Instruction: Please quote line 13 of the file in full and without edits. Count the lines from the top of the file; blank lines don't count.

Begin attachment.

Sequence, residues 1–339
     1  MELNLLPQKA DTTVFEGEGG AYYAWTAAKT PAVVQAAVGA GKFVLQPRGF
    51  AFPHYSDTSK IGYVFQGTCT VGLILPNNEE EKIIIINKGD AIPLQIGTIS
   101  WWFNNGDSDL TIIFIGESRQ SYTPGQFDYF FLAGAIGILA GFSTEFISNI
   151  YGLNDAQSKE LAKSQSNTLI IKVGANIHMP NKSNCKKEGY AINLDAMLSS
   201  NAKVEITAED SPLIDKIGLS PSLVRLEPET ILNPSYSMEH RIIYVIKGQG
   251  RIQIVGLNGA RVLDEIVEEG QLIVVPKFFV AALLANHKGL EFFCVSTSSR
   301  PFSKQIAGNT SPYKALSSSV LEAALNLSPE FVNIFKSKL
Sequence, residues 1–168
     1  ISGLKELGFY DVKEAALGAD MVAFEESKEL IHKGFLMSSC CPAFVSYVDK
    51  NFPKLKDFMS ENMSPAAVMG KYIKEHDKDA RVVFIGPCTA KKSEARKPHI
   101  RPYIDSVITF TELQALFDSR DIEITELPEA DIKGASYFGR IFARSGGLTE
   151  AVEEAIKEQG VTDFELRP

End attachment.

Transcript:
   151  AVEEAIKEQG VTDFELRP